A woman from Bicester who has multiple sclerosis has spoken out about her nine-month fight to keep her full disability benefits.
Gill Willis, 61, uses a mobility scooter and a zimmer frame to get around after being diagnosed with the condition in 1990.
She has been receiving disability living allowance (DLA) but was reassessed last year after she was moved onto personal independence payment (PIP) which has replaced DLA.
But following her assessment, her payment was downgraded. She said: “The assessor deduced from me picking up my handbag to get my prescription list out that I must be able to prepare and cook food. How can picking up a handbag equate to holding a knife? She took too much from what she thought she could see. If she’d asked me to go into the kitchen and cut an onion she would’ve seen I wouldn’t have been able to. I missed out on the full rate by one point.”
Mrs Willis challenged the decision at a tribunal in April. The full rate was reinstated when she told them she needed her husband’s help to take medication.
“I’ve had MS for 30 years and I’m still learning. How can an assessor come in and think she knows everything? She didn’t appreciate how unpredictable MS can be – how you can be perfectly capable one day and perfectly incapable another. The process needs to be changed so that assessors have a proper understanding of MS.”
New figures from a Freedom of Information request made by the MS Society have revealed that since the PIP was introduced in 2013 nearly one in three people, around 2,600, have had their payments downgraded from the highest rate mobility component of DLA or stopped following reassessment.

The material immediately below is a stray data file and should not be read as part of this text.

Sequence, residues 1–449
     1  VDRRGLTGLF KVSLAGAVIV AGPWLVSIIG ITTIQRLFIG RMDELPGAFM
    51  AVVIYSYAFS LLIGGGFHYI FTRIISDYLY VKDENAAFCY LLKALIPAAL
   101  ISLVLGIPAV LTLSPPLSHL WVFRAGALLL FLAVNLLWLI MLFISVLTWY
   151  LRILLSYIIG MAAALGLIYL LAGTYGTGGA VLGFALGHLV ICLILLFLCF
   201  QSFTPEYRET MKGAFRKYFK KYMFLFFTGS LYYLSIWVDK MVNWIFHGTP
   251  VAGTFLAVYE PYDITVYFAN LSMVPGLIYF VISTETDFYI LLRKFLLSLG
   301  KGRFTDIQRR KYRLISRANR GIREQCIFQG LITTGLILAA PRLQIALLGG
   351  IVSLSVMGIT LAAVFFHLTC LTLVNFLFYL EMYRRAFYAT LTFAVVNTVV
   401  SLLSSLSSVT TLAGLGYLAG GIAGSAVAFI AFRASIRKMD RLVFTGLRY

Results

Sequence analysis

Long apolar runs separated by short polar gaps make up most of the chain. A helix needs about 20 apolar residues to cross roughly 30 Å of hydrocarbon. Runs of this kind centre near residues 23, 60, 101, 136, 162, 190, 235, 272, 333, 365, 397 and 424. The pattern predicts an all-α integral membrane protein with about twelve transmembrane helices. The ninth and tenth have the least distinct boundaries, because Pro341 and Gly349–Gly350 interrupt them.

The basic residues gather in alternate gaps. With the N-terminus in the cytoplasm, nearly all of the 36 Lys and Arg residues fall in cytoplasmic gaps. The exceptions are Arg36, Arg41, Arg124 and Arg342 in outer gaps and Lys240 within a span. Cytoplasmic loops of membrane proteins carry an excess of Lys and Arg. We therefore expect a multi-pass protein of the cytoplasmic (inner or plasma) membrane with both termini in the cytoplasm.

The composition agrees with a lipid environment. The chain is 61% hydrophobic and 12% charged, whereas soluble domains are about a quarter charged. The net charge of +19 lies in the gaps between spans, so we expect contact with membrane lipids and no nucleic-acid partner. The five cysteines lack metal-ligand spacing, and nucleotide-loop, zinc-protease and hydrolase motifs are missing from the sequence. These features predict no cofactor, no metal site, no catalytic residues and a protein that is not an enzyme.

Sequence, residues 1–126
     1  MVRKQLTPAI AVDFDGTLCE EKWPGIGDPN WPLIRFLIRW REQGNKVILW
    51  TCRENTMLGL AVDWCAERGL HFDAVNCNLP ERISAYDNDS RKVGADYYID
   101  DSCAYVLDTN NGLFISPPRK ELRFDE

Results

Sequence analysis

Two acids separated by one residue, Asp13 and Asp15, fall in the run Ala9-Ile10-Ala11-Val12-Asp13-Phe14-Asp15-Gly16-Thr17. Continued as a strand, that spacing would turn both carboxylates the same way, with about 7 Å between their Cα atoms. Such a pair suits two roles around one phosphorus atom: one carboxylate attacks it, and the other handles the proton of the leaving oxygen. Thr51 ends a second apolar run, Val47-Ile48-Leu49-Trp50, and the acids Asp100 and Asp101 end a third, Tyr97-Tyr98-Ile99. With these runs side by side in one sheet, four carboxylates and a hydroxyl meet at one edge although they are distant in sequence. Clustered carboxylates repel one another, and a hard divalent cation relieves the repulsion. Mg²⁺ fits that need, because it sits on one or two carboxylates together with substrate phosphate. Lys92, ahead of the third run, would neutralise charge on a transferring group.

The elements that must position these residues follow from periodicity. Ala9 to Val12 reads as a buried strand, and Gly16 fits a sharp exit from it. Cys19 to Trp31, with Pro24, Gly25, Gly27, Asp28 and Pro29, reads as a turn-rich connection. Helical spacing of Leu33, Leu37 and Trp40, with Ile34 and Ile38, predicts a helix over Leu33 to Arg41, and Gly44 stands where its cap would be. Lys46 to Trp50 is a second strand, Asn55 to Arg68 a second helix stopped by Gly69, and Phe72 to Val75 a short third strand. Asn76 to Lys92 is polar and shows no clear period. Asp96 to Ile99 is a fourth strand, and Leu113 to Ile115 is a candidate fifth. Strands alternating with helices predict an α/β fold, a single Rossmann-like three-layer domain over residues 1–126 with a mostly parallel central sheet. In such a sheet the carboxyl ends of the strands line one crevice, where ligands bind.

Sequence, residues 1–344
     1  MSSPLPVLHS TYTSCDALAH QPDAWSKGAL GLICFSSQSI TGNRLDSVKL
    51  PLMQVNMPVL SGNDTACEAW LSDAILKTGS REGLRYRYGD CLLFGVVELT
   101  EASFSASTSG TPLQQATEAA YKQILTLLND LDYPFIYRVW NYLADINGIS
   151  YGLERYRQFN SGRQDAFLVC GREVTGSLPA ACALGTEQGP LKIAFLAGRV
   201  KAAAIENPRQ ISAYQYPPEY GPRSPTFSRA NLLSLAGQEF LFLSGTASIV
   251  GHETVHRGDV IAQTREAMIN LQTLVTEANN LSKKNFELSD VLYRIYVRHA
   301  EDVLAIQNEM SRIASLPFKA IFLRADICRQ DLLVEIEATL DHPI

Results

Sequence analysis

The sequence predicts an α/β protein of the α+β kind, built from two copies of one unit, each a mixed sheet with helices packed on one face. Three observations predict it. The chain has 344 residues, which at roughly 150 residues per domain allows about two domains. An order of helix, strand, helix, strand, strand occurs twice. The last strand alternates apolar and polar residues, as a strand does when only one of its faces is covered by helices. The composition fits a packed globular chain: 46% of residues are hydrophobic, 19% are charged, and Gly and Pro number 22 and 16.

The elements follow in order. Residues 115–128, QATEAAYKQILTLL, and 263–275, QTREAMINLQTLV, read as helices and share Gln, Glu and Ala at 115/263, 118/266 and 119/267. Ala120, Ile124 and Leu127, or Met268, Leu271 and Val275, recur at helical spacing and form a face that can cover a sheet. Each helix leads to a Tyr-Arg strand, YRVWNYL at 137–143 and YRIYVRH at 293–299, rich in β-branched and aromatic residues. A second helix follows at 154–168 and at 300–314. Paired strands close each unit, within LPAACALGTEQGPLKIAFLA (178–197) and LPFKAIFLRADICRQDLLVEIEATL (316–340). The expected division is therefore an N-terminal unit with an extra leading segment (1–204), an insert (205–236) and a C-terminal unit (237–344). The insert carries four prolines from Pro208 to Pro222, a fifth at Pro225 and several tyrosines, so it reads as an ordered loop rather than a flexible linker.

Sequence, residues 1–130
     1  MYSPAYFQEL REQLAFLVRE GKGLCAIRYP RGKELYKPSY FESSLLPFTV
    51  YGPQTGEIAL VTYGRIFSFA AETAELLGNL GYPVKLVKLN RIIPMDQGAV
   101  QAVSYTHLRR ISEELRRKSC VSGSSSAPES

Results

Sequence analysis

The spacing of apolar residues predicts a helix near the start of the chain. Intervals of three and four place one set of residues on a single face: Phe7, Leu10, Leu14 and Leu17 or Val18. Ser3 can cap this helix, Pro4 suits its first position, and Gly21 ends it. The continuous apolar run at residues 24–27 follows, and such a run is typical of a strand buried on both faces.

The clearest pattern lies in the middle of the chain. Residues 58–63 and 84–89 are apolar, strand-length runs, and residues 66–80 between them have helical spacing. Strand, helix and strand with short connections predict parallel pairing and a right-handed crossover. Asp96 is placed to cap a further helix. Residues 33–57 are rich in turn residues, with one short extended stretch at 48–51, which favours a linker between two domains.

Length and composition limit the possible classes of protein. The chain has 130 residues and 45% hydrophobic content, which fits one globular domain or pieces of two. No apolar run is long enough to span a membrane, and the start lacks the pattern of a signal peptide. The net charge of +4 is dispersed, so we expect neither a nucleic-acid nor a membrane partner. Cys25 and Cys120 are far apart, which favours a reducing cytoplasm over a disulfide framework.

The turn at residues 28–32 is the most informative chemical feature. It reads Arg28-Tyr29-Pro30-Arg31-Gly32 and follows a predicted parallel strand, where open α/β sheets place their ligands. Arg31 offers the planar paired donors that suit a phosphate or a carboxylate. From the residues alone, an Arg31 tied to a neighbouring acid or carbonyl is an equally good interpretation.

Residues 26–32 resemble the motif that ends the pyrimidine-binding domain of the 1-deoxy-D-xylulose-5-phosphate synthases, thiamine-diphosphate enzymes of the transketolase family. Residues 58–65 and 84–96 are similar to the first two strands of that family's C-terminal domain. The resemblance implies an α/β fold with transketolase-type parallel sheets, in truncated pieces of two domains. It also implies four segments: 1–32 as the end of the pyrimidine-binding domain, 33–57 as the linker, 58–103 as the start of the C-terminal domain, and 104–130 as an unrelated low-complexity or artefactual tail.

Using the FOI figures, the MS Society has calculated a loss of at least £4,867,200 a year from all those receiving the highest rate of mobility and £1,141,920 a year from those on the highest rate of care.
A department for works and pensions spokesman said: “Under PIP 36 per cent more MS claimants receive the highest rate of support than under DLA. We recognise symptoms of MS can fluctuate over time, and regular reassessments mean we can ensure people with degenerative conditions get the help they need as their condition changes. Assessments consider illnesses which affect sufferers during the majority of days in a year, rather than just on someone’s ‘best days’ or assessing ability on a single day.”
He added assessments for PIP were carried out by qualified health professionals who have broad training in assessing the impacts of a variety of disabilities, including MS.